This past week the curatorial and archeology departments came together to fulfill a long-held dream to make oyster ice cream. Many people asked "why?" others said "gross," and many just shook their heads at our endeavor. But we are not easily put off by odd things in history. In fact, many of us seek them … Continue reading Oyster Ice Cream: The Enigma
What is a jaw harp, and what does it tell us? This little instrument likely looks familiar, but you may not know that much about it. That certainly proved the case for me when I decided to research the four we have in our collection. To start, a jaw harp is an extremely simple instrument … Continue reading Music from the Past: Jaw Harps and their Players
The concept of buying items to remember certain events or travels is commonplace today. Who goes abroad without bringing back a trinket naming the location? Is it possible to go antiquing without seeing an item that commemorates the wedding of Charles and Diana? Even the smallest item has the ability to tell a story through … Continue reading Catherine of Braganza: How the copy of a 17th-century plate tells the story of design, consumer consumption, and the Washington Family
As archaeologists, we focus on studying the past by examining the items previous humans have left behind. Anything that has been made or changed by someone in the past is therefore considered to be an artifact. When you think of stone artifacts, the first thing that usually comes to mind are arrowheads. Arrowheads and spearheads … Continue reading When is a rock also an artifact?
Ask someone to list traditional summertime activities, and they will probably mention picnics, family reunions, beach vacations, mountain getaways, and baseball games. Their list is likely to include going to the fair as well. The fair as a summer pastime is a long tradition and, like many American traditions, can be traced back to the … Continue reading Summertime Fun: Colonial June Fair
As a Historic Preservation major at the University of Mary Washington, I spend a lot of time studying objects from the past. Through my courses, I have learned that common, everyday objects are often able to reflect the values of the people that created and used them. I kept this in mind during my internship … Continue reading Put A Lid On it: Mason Jars and Home Canning in America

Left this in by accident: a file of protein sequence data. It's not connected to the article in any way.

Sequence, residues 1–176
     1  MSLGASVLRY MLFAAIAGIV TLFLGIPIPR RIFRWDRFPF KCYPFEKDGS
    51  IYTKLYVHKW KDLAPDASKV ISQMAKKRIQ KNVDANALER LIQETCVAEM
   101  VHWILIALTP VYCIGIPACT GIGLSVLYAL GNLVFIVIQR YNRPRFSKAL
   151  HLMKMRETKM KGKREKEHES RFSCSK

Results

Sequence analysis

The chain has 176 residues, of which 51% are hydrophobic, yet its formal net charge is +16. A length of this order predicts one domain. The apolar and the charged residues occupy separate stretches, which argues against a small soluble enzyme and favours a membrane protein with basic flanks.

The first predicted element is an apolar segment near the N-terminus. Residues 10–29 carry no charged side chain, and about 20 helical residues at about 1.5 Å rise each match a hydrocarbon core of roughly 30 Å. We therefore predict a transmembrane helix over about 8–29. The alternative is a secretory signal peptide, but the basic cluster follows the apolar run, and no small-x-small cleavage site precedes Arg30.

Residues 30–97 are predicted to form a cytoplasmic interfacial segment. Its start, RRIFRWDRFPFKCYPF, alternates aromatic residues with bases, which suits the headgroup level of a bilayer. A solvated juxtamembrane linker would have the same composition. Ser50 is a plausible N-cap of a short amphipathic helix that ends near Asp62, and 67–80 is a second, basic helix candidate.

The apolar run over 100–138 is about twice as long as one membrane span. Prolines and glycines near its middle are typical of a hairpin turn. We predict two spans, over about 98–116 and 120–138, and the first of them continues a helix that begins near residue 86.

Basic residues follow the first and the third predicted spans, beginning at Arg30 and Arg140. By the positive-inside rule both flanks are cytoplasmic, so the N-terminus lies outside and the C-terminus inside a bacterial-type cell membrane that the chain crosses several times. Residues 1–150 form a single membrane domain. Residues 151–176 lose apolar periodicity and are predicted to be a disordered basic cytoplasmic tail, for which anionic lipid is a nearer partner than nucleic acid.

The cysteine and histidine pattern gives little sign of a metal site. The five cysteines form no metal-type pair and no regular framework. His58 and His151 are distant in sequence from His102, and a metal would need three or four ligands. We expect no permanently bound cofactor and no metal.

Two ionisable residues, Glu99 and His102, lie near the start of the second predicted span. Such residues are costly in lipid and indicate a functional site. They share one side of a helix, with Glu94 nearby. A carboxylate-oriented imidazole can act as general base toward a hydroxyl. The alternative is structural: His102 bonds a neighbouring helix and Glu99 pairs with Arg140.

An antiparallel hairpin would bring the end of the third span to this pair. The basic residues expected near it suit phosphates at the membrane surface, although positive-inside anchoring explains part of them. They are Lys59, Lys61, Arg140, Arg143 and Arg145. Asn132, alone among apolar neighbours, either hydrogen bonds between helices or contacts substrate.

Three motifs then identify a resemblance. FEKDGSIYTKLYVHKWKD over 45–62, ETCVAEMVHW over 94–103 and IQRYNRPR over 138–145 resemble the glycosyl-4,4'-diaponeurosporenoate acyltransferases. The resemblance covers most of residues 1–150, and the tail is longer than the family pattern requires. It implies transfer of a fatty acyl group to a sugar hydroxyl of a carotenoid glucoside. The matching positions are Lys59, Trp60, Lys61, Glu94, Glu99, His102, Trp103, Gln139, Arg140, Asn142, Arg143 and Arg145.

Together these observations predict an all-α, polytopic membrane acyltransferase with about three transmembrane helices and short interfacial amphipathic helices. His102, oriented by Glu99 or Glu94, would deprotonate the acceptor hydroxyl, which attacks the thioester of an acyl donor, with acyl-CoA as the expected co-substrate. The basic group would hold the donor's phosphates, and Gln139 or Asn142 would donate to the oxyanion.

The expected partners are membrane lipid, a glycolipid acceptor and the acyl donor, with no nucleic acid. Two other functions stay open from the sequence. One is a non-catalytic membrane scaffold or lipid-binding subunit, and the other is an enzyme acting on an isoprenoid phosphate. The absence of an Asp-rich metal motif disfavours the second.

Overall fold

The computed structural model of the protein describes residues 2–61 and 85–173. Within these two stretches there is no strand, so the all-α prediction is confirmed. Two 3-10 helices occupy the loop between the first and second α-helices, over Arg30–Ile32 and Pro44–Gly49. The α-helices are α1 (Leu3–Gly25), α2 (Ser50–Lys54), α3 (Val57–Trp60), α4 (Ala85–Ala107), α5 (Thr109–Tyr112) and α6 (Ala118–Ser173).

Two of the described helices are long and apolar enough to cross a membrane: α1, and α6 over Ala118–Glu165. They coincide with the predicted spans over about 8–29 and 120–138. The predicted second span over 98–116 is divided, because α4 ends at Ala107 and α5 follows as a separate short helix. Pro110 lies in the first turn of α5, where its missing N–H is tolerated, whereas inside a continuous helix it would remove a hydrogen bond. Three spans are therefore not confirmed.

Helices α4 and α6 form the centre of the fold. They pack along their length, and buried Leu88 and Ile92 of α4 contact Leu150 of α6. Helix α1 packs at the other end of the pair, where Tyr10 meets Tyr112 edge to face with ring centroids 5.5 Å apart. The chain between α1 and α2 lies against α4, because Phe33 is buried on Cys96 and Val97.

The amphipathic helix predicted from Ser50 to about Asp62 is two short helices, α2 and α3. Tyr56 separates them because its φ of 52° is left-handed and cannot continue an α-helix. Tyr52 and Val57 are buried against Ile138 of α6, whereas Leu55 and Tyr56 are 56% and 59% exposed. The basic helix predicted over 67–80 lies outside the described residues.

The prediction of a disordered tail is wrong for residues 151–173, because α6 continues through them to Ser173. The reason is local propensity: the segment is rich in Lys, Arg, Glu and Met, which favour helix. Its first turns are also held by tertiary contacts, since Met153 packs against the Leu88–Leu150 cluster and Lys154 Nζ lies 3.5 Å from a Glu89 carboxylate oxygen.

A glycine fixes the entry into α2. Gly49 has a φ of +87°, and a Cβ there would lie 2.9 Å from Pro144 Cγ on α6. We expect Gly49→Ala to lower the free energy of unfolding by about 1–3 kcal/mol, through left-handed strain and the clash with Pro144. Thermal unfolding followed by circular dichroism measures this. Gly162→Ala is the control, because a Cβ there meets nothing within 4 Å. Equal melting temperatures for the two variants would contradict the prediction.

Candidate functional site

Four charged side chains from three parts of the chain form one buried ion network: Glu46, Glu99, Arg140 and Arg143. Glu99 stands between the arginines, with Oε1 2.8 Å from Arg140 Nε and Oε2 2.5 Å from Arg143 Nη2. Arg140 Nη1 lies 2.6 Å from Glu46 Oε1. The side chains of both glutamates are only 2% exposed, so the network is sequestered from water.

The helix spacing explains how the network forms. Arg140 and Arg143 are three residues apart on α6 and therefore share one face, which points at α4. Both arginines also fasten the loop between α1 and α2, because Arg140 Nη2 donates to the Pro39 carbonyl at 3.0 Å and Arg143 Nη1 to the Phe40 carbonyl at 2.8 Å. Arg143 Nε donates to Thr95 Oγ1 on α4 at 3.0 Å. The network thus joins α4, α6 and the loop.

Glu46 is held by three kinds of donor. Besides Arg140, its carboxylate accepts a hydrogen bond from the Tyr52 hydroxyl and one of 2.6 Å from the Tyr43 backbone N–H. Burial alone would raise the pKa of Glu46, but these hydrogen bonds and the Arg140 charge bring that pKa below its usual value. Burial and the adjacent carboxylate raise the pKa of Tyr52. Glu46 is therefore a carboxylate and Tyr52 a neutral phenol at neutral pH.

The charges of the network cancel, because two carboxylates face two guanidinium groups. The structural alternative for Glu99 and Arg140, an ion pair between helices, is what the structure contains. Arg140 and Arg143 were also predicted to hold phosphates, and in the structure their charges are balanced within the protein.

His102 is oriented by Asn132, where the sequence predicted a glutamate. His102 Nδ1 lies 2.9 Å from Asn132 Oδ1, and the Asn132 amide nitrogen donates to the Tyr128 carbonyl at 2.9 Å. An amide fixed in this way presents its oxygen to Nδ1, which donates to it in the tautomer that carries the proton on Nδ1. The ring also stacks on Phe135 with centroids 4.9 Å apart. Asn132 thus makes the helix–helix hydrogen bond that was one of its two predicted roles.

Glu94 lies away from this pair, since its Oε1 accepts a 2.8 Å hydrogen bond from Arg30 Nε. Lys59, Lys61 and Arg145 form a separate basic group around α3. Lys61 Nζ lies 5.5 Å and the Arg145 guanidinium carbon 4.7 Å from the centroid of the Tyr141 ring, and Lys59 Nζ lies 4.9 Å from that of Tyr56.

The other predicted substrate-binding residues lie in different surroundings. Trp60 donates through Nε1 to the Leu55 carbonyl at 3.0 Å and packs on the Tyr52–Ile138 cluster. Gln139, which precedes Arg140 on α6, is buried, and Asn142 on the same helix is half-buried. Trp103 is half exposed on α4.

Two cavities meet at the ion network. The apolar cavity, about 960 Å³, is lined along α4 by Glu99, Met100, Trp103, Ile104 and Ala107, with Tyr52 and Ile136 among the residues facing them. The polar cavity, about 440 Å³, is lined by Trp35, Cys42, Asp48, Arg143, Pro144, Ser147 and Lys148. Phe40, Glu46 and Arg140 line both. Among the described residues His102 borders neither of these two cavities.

As spring approaches in the Middle Atlantic and Northeastern states, we welcome the chance to spend more time outdoors in the fresh air instead of cooped up in our houses – getting sick. Ailments such as colds and flu are contractible anytime, but we usually associate them with the wintertime as that’s when they seem … Continue reading Winter Ailments (and how to endure them in the eighteenth century)
The sending of a letter in Colonial America was more challenging than today. The concept of post offices and regularly scheduled mail arrivals and departures evolved slowly in the colonies. Colonial mail faced many obstacles. Geography, political opposition, and a general lack of interest hindered a national system that serviced all the colonies. How to … Continue reading You’ve Got Mail: Development of the Colonial Postal Service in Virginia
We are excited to be celebrating George Washington's 290th birthday (although it's the day before his actual birth date) on President's Day! On February 22, 1732, George was born in Westmoreland County, Virginia. Some interesting facts are associated with his birth-date and the subsequent birthday celebrations he would have as an adult. For instance, did … Continue reading Happy Birthday, George!
The staff at the George Washington Foundation posited the idea of what it would be like to go on a date with a Founding Figure. We use the term “Founding Figure,” because a couple of dates are with the ladies of the American Revolutionary period and not just the “fathers.” Although, fun fact, the term … Continue reading My Date with a Founding Figure